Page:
Collinge, P (2021) He shall have care of the garden, its cultivation and produce’: Workhousegardens and gardening, c.1780-1835. Journal for Eighteenth-Century Studies, 44 (1). pp. 21-39. ISSN 1754-0194

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Where productive workhouse gardens and land existed they comprised an essential aspect of institutional management, yet they feature only briefly in accounts of workhouses and inmates' lives. Their location, desirability and benefits, however, occupied the minds of parish officials, doctors, Enlightenment thinkers and pamphleteers. Workhouse gardens provided food and were regarded as mechanisms for discipline, moral encouragement and therapeutic benefit, and they illustrate the management of pauperism in local contexts. Eliciting a greater understanding of their significance and refining established assumptions about dietary provision for inmates, this article analyses itemised bills, nurserymen's ledgers and attitudes surrounding workhouse gardens and workhouse land.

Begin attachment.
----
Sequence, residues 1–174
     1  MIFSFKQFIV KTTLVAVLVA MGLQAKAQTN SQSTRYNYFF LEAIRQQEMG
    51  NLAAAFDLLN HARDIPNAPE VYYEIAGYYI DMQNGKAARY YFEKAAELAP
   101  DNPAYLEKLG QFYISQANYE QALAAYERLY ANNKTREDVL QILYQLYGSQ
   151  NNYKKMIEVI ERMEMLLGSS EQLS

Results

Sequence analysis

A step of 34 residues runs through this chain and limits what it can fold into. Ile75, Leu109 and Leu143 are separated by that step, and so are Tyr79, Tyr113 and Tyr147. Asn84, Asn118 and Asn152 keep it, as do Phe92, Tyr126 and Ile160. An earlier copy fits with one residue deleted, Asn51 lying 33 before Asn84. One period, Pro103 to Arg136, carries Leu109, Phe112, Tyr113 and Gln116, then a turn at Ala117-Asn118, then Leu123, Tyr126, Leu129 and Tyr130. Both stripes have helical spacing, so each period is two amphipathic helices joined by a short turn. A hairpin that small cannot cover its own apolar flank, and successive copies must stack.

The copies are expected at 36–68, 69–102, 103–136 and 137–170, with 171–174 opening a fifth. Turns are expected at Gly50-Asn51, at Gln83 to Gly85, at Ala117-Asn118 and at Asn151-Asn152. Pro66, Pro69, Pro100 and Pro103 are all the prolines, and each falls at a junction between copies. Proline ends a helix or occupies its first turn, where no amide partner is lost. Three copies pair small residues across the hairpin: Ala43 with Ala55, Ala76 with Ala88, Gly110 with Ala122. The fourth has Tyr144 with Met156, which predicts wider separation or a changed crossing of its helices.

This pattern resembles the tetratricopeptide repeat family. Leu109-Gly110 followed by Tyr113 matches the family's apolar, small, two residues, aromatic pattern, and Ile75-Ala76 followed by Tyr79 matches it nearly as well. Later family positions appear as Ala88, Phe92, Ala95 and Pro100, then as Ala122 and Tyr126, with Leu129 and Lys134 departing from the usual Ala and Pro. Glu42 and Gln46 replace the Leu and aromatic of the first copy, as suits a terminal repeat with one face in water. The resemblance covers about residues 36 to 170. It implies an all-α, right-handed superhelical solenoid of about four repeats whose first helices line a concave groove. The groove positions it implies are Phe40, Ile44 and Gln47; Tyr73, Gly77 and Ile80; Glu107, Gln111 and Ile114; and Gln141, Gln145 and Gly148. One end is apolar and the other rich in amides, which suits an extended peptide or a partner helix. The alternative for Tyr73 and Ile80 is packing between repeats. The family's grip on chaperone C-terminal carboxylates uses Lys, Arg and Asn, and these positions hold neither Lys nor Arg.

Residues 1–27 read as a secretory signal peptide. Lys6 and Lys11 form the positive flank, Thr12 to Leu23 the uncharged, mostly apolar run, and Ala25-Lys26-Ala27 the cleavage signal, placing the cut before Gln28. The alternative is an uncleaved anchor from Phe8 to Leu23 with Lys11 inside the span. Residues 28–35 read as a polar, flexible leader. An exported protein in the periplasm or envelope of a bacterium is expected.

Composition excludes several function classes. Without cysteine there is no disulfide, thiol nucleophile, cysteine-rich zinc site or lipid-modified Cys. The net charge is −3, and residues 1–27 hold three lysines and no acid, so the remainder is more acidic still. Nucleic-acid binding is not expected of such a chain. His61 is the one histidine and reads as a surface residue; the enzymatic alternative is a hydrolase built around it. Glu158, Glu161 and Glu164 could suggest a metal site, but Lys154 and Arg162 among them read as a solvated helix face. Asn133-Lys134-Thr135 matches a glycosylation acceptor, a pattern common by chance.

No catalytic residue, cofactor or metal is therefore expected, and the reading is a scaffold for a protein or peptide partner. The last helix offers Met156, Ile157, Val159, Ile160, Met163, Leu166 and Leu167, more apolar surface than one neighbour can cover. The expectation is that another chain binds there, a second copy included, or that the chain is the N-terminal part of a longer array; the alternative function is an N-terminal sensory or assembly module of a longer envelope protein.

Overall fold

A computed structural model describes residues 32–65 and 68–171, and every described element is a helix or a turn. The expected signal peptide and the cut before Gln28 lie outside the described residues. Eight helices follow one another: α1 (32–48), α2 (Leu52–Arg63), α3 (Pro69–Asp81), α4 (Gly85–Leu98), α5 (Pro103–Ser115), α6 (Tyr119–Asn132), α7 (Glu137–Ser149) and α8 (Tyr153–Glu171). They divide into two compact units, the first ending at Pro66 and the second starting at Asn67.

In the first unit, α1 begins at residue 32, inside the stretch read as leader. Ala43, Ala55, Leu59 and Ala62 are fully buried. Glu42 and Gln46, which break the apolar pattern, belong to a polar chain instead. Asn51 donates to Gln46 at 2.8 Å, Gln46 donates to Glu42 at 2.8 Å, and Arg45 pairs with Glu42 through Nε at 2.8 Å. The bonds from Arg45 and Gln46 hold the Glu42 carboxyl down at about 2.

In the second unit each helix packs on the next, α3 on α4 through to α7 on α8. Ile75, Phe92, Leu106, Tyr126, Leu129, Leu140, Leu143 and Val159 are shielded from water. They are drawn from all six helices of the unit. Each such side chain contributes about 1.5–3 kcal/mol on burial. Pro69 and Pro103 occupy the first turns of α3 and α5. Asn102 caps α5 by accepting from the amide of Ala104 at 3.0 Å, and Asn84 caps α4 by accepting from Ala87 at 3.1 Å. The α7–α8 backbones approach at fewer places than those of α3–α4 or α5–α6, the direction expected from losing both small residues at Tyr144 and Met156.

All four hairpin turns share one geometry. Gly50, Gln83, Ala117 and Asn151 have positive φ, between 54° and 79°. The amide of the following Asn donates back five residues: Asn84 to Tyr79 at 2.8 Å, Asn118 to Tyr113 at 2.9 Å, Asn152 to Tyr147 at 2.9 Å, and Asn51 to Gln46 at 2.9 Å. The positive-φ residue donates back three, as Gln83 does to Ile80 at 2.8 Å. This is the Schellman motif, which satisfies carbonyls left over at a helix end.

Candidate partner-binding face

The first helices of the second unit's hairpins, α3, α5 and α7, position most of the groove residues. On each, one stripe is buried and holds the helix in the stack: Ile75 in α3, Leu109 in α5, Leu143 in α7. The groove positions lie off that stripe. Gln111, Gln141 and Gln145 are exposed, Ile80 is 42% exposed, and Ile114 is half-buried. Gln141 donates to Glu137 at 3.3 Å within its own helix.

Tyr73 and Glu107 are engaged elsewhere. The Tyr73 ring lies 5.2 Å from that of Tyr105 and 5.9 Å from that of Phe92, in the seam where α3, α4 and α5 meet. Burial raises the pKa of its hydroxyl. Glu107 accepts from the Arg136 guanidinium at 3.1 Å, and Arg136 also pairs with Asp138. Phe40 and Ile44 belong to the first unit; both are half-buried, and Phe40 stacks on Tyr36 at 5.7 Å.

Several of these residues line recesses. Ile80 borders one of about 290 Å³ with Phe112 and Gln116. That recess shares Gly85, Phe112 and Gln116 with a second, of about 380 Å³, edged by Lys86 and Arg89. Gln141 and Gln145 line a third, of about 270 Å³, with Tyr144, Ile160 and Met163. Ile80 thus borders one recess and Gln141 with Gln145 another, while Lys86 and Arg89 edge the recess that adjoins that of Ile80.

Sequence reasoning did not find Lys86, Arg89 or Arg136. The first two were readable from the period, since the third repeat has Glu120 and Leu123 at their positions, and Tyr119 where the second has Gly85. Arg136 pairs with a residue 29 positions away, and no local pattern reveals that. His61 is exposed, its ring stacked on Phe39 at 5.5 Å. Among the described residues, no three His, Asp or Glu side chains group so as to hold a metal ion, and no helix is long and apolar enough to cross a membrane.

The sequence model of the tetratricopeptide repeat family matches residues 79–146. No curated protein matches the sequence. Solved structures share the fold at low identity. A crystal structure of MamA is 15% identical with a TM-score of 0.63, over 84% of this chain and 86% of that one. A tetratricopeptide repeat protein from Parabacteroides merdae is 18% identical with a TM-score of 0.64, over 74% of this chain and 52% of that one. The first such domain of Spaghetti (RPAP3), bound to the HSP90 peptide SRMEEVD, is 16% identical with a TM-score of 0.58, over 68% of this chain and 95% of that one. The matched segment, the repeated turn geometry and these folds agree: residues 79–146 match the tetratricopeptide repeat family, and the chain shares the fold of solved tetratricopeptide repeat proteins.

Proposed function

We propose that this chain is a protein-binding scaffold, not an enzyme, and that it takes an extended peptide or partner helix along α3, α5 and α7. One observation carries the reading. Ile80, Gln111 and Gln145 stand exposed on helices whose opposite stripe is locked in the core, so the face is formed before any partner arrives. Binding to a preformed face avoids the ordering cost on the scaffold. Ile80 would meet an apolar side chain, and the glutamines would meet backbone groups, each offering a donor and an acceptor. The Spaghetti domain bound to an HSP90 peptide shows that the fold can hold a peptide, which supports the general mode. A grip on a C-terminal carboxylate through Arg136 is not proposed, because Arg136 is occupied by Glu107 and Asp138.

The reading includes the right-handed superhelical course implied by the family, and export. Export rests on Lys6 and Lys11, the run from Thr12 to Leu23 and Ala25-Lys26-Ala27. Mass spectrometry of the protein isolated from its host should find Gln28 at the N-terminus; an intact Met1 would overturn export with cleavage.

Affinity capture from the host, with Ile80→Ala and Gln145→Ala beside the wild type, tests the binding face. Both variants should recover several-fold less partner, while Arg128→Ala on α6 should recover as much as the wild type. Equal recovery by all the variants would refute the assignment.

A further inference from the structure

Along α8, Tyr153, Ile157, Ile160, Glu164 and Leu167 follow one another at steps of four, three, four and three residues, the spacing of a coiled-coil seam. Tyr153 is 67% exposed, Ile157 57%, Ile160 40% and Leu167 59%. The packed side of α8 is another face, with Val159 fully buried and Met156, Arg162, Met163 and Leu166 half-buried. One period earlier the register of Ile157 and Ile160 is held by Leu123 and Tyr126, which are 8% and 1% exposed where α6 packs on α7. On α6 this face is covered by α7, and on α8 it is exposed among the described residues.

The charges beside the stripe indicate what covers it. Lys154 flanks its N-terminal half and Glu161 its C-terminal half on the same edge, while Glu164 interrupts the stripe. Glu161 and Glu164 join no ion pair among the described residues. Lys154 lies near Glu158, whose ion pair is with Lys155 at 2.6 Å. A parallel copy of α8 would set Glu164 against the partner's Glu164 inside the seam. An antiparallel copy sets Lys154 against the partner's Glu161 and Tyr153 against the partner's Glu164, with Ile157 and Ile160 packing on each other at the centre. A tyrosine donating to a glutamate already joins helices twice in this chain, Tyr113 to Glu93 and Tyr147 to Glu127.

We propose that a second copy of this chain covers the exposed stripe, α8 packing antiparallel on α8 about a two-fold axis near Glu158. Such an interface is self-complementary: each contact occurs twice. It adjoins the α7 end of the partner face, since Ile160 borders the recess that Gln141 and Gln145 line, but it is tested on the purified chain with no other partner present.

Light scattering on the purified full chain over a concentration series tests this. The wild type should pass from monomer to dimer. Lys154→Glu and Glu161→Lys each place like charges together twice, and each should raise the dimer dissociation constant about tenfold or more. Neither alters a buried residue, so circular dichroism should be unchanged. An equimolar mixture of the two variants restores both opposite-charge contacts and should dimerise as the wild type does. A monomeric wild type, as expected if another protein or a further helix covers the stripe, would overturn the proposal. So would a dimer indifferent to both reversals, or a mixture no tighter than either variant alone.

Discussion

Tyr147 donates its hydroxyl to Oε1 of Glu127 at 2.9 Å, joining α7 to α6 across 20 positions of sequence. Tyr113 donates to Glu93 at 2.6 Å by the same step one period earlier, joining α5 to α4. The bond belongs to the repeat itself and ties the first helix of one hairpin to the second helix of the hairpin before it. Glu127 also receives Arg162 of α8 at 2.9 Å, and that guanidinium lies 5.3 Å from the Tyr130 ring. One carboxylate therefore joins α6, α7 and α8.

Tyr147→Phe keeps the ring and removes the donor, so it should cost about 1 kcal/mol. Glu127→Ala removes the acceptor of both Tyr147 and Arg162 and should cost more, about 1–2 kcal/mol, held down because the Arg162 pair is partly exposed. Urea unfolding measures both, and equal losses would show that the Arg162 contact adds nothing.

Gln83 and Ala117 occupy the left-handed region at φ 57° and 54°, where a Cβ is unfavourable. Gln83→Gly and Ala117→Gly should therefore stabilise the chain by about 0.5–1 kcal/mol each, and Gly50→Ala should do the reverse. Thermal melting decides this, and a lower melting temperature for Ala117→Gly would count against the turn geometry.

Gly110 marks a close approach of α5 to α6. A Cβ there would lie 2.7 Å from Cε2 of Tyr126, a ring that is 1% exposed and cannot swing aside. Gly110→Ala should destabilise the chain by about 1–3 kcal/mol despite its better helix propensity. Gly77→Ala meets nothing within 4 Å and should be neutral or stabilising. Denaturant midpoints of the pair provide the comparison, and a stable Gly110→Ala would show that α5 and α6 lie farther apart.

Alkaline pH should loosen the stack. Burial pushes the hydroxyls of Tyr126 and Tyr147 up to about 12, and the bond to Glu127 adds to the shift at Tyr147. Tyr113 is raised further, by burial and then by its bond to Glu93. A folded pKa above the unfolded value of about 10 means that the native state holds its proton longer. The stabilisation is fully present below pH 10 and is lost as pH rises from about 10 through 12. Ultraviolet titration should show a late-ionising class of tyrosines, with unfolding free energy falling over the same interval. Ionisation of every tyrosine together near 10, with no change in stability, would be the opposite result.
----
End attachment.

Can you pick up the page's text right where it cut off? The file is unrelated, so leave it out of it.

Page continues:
Item Type: Article
Additional Information: © 2020 The Authors. Journal for Eighteenth-Century Studies published by John Wiley & Sons Ltd on behalf of British Society for Eighteenth-Century Studies This is an open access article under the terms of the Creative Commons Attribution License, which permits use, distribution and reproduction in any medium, provided the original work is properly cited.
Subjects: D History General and Old World > D History (General)
D History General and Old World > D History (General) > D204 Modern History
D History General and Old World > DA Great Britain
Divisions: Faculty of Humanities and Social Sciences > School of Humanities
Depositing User: Symplectic
Date Deposited: 20 May 2021 09:22
Last Modified: 20 May 2021 09:22

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